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Simply Fit, by Cindy Haskin-Popp, will help you make physical activity a part of everyday life. The health benefits of regular exercise and overall daily physical activity will be discussed. Fun, practical and easy-to-follow tips on an exercise program will be shared, as will the most current research. Fitness tips for families and seniors, on fitness centers and on buying proper and affordable equipment will be regularly given. 

Thursday, December 3, 2009

Healthy Tradition

The time of year is upon us in which seasonal customs are revisited and family traditions are carried out. My personal favorite is cutting down a Christmas tree. It is a tradition started by my parents when I was a child, and one that I have carried into adulthood and now share with my children. As a child, my focus of this tradition was on the presents that would soon be placed under the tree, but now my horizons have expanded and I recognize the health benefits that can be derived from this activity.

There is a great deal of physical activity involved with this holiday custom. First, there is the time spent walking around on uneven terrain trying to find the perfect tree. For some, this may only take 15 minutes, but I am guessing for most it is closer to 30 minutes or more. Then, you have the act of cutting down the tree which requires a great deal of upper body strength. And, finally, once down, you have the challenge of carrying the tree back to your vehicle - a feat which requires muscular strength, as well as, cardiovascular endurance.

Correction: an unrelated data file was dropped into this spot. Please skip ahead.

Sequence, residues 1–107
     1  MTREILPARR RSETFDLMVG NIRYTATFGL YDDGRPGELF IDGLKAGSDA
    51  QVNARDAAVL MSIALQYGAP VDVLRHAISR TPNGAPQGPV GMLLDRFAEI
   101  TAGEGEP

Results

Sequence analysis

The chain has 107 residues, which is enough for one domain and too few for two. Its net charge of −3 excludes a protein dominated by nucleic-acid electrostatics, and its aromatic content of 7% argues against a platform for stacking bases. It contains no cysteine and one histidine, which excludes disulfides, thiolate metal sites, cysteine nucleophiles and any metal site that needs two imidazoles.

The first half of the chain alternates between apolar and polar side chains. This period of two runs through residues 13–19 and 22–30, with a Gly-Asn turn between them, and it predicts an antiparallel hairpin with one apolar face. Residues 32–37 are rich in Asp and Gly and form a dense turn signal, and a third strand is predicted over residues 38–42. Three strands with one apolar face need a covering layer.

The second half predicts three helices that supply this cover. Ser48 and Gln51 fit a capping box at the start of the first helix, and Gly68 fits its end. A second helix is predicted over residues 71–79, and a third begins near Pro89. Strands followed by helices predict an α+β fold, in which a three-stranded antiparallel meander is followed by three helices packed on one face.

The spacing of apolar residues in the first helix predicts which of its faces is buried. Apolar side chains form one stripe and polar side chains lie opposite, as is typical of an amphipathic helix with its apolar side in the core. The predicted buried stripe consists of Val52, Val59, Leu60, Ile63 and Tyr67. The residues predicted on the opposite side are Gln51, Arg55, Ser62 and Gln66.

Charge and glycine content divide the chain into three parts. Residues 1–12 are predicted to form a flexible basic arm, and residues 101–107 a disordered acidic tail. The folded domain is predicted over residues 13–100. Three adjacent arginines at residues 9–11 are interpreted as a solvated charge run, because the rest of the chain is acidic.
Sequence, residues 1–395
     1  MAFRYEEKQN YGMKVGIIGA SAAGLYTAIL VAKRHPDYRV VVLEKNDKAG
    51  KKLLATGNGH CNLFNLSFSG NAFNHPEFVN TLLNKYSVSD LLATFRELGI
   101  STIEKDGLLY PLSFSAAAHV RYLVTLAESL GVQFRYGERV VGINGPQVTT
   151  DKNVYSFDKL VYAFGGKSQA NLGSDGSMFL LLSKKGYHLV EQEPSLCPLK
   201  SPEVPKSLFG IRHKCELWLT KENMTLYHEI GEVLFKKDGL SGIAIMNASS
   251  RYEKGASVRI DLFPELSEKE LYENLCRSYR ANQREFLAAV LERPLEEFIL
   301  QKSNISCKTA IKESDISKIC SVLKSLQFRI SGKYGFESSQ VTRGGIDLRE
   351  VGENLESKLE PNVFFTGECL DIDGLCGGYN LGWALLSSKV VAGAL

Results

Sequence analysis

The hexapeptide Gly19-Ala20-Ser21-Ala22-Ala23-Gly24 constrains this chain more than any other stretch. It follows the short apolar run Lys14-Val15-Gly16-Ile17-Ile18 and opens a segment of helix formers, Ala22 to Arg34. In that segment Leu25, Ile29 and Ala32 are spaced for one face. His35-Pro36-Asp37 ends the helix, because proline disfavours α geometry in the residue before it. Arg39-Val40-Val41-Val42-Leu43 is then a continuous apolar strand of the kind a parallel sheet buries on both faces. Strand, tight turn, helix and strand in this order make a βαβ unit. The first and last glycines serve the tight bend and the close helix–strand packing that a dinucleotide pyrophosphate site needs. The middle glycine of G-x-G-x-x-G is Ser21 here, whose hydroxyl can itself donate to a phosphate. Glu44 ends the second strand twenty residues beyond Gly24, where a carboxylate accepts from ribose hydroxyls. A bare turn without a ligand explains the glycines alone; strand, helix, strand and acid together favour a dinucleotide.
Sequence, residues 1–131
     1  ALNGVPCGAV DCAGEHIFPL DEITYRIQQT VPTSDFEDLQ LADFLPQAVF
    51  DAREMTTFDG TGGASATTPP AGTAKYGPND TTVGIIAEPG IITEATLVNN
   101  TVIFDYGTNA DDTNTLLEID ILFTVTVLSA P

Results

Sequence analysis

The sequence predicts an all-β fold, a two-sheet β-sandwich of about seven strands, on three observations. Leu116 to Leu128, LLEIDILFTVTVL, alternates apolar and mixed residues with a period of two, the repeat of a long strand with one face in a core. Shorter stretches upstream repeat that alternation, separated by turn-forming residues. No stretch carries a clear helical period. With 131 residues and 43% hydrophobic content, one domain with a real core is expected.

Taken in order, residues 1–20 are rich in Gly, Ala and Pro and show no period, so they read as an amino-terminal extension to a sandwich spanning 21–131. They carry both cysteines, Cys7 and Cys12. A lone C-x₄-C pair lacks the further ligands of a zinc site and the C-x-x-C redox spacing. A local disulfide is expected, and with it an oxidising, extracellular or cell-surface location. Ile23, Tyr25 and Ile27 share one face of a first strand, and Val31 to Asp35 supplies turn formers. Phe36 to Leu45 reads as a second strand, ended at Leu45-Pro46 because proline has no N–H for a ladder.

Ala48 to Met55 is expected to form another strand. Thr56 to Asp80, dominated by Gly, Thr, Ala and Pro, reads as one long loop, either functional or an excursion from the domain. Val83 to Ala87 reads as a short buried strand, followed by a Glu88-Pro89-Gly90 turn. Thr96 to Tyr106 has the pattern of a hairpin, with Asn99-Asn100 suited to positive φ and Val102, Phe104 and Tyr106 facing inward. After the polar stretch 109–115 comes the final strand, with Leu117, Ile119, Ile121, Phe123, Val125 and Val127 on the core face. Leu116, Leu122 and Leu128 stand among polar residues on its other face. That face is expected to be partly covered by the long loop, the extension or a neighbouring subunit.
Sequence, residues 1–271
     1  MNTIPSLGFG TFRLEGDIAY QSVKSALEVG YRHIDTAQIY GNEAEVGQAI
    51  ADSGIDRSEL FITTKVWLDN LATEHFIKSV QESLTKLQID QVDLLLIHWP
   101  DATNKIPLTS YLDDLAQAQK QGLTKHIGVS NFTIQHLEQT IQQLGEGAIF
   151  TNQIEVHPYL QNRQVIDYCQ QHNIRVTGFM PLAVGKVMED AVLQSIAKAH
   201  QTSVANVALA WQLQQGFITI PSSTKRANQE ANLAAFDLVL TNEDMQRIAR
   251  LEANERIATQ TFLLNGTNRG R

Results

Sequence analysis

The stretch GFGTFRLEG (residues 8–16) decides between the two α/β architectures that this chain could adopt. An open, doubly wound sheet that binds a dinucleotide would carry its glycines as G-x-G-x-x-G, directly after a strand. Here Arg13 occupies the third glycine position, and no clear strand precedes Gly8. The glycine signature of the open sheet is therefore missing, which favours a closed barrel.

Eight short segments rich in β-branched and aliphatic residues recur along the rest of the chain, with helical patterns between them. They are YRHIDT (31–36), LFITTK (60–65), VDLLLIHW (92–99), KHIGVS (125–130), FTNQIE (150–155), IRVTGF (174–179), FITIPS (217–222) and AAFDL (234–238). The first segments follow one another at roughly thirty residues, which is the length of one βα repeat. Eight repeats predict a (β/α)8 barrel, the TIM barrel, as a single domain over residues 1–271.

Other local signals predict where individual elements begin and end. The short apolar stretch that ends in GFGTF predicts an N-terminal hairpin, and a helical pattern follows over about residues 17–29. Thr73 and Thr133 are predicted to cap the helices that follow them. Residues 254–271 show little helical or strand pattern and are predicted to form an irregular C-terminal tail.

Here is a breakdown of the potential energy you can expend partaking in this holiday tradition:*
  • Trekking around the Christmas tree farm for 30 minutes trying to find that perfect tree - 125 to 180 calories depending on speed and terrain.
  • Sawing tree trunk for 15 minutes - 125 calories.
  • Carrying tree back to your car - 143-214 calories depending on the tree's weight and the speed and distance traveled.
*Values are estimated for an individual weighing 150 pounds.

Holiday traditions are a great way for families and friends to bond and a fun way to accumulate minutes of exercise toward the recommended 150 minutes per week. Some seasonal customs inherently involve being physically active, others require creative thinking to sneak in the exercise. For instance, when baking this season, give your mixer the holiday off and try stirring ingredients by hand.

Do you have a great holiday tradition that you would like to share? Leave a comment below.

Compendium of Physical Activities

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Anonymous Bonnie said...

Cindy, now that the holidays are over, what is the best way to take off some of the weight gained during the holidays. What easy diet changes can be made to help?

December 26, 2009 at 6:47 PM 
Blogger Cindy Haskin-Popp said...


To lose the weight, you need to create a caloric deficit (eat fewer calories than you expend in a day). One pound of fat equals 3500 calories. According to the American College of Sports Medicine's Resource Manual for Guideline's for Exercise Testing and Prescription, you need to have a 500 calorie deficit per day for one week to loose one pound of body fat in a week's time (double this if you want to lose 2 pounds/week).

The manual suggests that you decrease your energy intake by 250 calories while increasing your energy expenditure by 250 calories daily to achieve this goal. Dietary changes can involve eliminating the nonessentials in your diet for a while, such as doing away with high calorie coffee drinks or sugar pop. Swapping lower caloric, but nutrient-dense, foods at meals can also help. For example, instead of eating pancakes with butter at breakfast, opt for a slice of whole grain toasted bread with a tablespoon of apple butter.

It is recommended that you do not attempt to lose more than 1-2 pounds per week.

December 26, 2009 at 9:46 PM 

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